Originally published on Letterboxd, Jan 04, 2014
Note: Before I saw the film I didn’t know who the real Ron Woodroof was and so wasn’t aware of the film’s possible attempt to erase at least one aspect of his sexuality or create a new one.
I’ve added some relevant quotes about that issue at the bottom of the review.
Dallas Buyers Club
Directed by Jean-Marc Vallée
117 mins, USA, 2013
I’ve never seen a better or less showy performance by Matthew McConaughey comme Ron Woodruff, a homophobic rodeo electrician who contracts HIV from unprotected sex with an IV-drug-using prostitute and ends up becoming a kind of treatment activist. (One of the film’s insights I appreciated is a reminder that all treatment activists were necessarily self-interested.)
A great deal of the sense of authenticity in the character must of course come from McConaughey’s startling physical transformation that has already happened before the narrative begins, both in the character’s life and in the actor’s but also in the PR leading up to Oscar buzz.
Jared Leto is no less impressive as Rayon, Woodruff’s cross-dressing HIV-positive partner — business partner, as Woodruff stresses at one point — and director Jean-Marc Vallée is pretty savvy to feature the bodies of these two straight Hollywood men in the ways that he does, otherwise I guess a mainstream audience would find it hard to focus.
Other than Rayon’s boyfriend, everyone else seems pretty healthy, so there’s no real sense of communal emergency here, which is how I remember that time period. No matter how many times Woodruff shouts, People are dying!, only his own oncoming death matters very much.
Leto’s Rayon is around primarily so that his death can affect Woodruff. ACT UP gets a sidenote via a news broadcast covering the protest at the FDA during which nearly 200 people were arrested for civil disobedience but is referred to only as “activists.” Jennifer Garner, as the mostly superfluous Dr. Eva Saks, hears that, sighs and switches off the TV.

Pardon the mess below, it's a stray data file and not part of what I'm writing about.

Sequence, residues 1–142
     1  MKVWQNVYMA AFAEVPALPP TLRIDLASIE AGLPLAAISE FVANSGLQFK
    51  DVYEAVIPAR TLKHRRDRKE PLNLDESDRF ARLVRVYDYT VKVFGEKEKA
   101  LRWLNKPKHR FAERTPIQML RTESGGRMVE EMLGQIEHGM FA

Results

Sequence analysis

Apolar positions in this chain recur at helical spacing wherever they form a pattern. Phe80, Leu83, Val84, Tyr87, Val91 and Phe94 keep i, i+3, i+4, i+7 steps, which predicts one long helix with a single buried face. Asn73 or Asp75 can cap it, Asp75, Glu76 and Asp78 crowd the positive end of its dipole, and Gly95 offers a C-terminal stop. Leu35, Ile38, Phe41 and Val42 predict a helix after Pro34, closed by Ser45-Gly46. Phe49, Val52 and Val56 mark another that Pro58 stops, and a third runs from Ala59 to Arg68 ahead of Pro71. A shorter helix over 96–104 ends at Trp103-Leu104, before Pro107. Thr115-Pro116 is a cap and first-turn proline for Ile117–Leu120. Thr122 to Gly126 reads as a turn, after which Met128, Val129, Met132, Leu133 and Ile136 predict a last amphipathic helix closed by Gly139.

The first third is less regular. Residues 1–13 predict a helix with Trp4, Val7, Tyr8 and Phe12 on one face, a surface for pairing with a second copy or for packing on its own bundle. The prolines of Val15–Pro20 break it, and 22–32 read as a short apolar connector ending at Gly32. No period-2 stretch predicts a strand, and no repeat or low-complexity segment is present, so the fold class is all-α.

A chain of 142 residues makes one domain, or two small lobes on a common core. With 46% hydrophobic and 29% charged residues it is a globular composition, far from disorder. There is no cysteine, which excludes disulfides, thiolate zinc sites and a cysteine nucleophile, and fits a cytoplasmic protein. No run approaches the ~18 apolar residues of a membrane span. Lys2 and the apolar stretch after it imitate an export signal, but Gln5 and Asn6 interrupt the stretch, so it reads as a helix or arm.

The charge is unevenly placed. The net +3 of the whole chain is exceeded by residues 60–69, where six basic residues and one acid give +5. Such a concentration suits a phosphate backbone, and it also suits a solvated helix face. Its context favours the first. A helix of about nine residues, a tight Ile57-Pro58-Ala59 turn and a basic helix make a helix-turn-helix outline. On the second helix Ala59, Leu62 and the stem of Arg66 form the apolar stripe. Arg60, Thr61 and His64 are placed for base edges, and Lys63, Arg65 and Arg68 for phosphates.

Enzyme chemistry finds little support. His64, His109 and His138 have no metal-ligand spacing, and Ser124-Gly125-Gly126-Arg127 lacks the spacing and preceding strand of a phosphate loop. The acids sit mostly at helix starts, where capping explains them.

So while I’m glad this movie talks about a time period that most people, even most gay men, have forgotten, it’s still too bad that this kinda dry vehicle will get seen more than any of the worthy documentaries about the response to the AIDS crisis, such as Voices from the Front, How To Survive a Plague, We Were Here and United in Anger.
Notes on Ron Woodroof’s sexuality as depicted in Dallas Buyers Club
William Waybourn, the former president of the Dallas Gay Alliance, knew Woodroof well from volunteering together and running in the same circles in Dallas. He told HuffPost Live’s Ricky Camilleri that the movie’s depiction of Woodroof as a heterosexual who struggled to be around gay men is at odds with everything Waybourn knew about Woodroof.
“I never saw the straight side of Ron. That’s what was the most surprising part of this whole movie,” he said. “He worked in a gay center, he was surrounded by gay men, and as far as I know, had relationships with gay men. I can’t tell you exactly what his sexual orientation was — or anyone’s — but he certainly had no problems being around us.”
This Slate article sums up the sexuality controversy well. Craig Borten, the original screenwriter, says that:
During [his] three days of interviews with him, Woodroof introduced another woman as a girlfriend, repeatedly said homophobic and racist things, and made repeated and graphic references to anal sex with women, according to the press agent. As for the question of whether Woodroof was bisexual, the press agent says it never came up.
Perhaps the most significant and telling fabrication was the fact that Woodroof didn’t ride rodeo and never told anyone how he contracted HIV, something that most admit. In the film, he gets it from a prostitute whom he fucked in a trailer at the rodeo. Because good cinema?
Someone asked a question about this issue on Quora.
Finally, in this Daily Beast article, journalist Bill Minutaglio, who was a reporter for the Dallas Morning News and interviewed Woodroof, says only that he didn’t witness Woodroof express any homophobia at all.